Top six cars for appraisers, as chosen by a gearhead


When you’re looking for a new car, there are many things that you need to keep in mind.  As one of a la mode’s resident gearheads, I made a list of what I think are the six best cars for an appraiser to purchase.  I’ve considered things like EPA-rated fuel mileage, typical cargo capacity, and starting price.  However, while many appraisers consider a car’s fuel economy as the overall deciding factor in purchasing a car, I also thought about how comfortable the car is to drive all day, how good the warranty is, and the overall build quality so that you have a long-lasting, reliable car or truck.


When it comes to compact cars, there are a multitude of options.  So, you can imagine how hard it was to pick what I thought was the best all-around car.  In the end, I decided on the 2015 Mazda 3.  With prices starting at $18k, the Mazda 3i Sport gets an EPA-estimated 30 mpg city and 41 mpg highway, with nearly 13 cu/ft.  of trunk capacity in the sedan.  And, despite getting over 40 mpg, the Mazda 3 isn’t a hybrid, with batteries that can go bad and render the car useless, while costing thousands of dollars to replace.  In addition, the Mazda 3 comes in both sedan and hatchback models, so if you need just a bit more space to carry your stuff around, the hatch has you covered with over 47 cu/ft.  of cargo space available.


For my mid-size car pick, I went with the 2015 Ford Fusion.  With sleek looks, pricing starting at $22k and three available powertrains, you can’t go wrong with this one.  The base Fusion comes with a 2.5 liter engine that gets an EPA-estimated 22 mpg in the city, and 34 mpg on the highway.  There’s also a plug-in hybrid available that gets an estimated 88 combined MPGe*.  When it comes to cargo space, the non-hybrid Fusion has 16 cu/ft.  of trunk space, while the hybrid has just 8 cu/ft.  Additionally, the Fusion has a very comfortable interior, which makes it easy for you to get to and from your appointments without getting too worn out from driving.
*Miles per gallon equivalent


My pick for a full-size car is also a Ford — the venerable Taurus.  While the Taurus nameplate has been around for years, the modern Taurus is nothing like its predecessors.  From the ultra-plush seats to the refined, almost European styling, the 2015 Taurus is a car that means business.  The gas mileage, while good, isn’t amazing, only getting an EPA-estimated 19 mpg in the city and 29 mpg on the highway.  You make up for lack of fuel mileage with trunk space, though, because the Taurus has over 20 cu/ft.  of cargo space in the back.  While the Taurus is pricier when compared to others in its class, it won’t necessarily break the bank.  Prices start at just $27k.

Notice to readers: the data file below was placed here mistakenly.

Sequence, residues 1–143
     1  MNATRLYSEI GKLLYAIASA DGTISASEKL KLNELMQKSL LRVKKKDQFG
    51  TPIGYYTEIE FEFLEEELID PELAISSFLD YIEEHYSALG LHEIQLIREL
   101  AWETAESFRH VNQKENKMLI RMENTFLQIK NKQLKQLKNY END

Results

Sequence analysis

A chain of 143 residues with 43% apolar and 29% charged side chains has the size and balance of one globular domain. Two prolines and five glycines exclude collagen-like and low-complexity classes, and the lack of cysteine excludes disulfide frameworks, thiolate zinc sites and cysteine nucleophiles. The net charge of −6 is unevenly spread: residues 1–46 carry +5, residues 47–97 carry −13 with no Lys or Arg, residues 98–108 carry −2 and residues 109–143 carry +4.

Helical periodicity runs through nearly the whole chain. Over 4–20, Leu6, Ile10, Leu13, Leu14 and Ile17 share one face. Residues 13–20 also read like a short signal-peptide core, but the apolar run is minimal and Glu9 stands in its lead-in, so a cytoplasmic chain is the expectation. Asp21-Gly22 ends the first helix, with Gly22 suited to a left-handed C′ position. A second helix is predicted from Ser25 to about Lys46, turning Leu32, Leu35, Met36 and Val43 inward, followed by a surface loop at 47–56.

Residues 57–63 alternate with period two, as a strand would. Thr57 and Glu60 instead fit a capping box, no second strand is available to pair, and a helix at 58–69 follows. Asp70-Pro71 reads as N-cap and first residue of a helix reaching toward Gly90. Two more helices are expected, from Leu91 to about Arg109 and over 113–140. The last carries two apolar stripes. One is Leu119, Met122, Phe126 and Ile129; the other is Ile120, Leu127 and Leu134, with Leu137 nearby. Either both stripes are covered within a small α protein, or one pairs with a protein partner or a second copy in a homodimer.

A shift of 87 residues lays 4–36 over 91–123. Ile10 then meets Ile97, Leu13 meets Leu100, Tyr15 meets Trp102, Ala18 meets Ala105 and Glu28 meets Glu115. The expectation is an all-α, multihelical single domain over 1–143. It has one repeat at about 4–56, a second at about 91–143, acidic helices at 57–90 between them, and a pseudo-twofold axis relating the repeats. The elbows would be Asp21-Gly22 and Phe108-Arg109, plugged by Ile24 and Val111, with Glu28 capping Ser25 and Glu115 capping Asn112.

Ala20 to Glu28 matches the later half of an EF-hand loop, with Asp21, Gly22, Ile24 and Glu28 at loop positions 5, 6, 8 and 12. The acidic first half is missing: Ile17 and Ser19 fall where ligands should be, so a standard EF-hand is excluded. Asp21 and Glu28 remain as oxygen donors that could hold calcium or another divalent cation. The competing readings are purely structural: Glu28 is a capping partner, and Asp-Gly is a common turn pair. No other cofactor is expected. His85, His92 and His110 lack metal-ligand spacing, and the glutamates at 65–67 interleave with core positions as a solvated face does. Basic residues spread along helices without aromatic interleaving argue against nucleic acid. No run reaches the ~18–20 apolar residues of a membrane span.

While I am not generally a huge fan of hybrids, I have to admit that they get some amazing gas mileage.  And, hybrid technology has come a long way in the past few years.  In the past, hybrids were tainted by poor build quality, shoddy batteries that failed early, and a multitude of other problems that I won't get into here.  Now, however, I have no qualms against recommending a good hybrid to a friend or family member — especially if they do a lot of stop-and-go city driving, where hybrids really excel. 

My favorite hybrid (outside of the Porsche 918) is the Toyota Prius C.  With prices starting under $20k, you get a lot of car for your money.  Available only with a hatchback, you get a decent 17 cu/ft of cargo space, EPA-estimated 53 mpg in the city and 46 mpg on the highway, and all of the technology you can handle.  It's got plenty of power to get up and going on the highway, but it really excels around town.  It's small, easy to maneuver and park, and is fairly comfortable to drive for hours at a time. 

SUVs and Crossovers

For the sake of brevity, I’ve combined the SUV and Crossover market into a single category, and chose the Nissan Xterra.  While the Xterra is getting a bit long in the tooth, there isn’t much reason for Nissan to change it — it does what it was meant to do, and it does it well.  It’s easy to drive, has plenty of power for getting up to speed on the highway, and has available 4WD for going off-road and navigating snowy roads.  And, for being basically a truck, it gets respectable fuel mileage, too — 26 mpg in the city and 22 on the highway.  Starting at just over $23k, you’re getting a lot of vehicle for your money – the Xterra has a cavernous 66 cu/ft.  of cargo space available with the rear seats folded down.


If you’re in the market for a pickup truck, look no further than the GMC Canyon.  The Canyon is a “small truck” with all of the capability of its full-size brother, the Sierra.  With an estimated fuel mileage of 20 mpg in the city and 27 mpg on the highway, the Canyon is as fuel efficient as you’re going to get with a pickup.  And, the bed is a shade over 6 foot long, making it easy to carry a ladder or other cargo with you that doesn’t fit in your typical car or SUV.  The Canyon is a great value, too, especially when compared with other trucks on the market.  It starts at just $21k.

Well, there you have it — my top picks for the best cars that you can get.  While these cars may not be the most fuel efficient or most spacious in their class, I considered many criteria when choosing them.  These are, I believe, the best all-around cars for each category.  I would not hesitate to purchase and drive one of my picks.  Not only are these cars perfect for zipping to-and-fro all day, every day, they’re great cars in general.  Any of them would make great vehicles for just about any appraiser.

Austin is one of our Documentation Specialists.  He races semi-professionally on the weekends, enjoys listening to prog rock, and spends way too much time detailing his car.  He also wrote this entire bio about himself, in the third person.

All images copyright their respective owners

Get blog articles sent to your inbox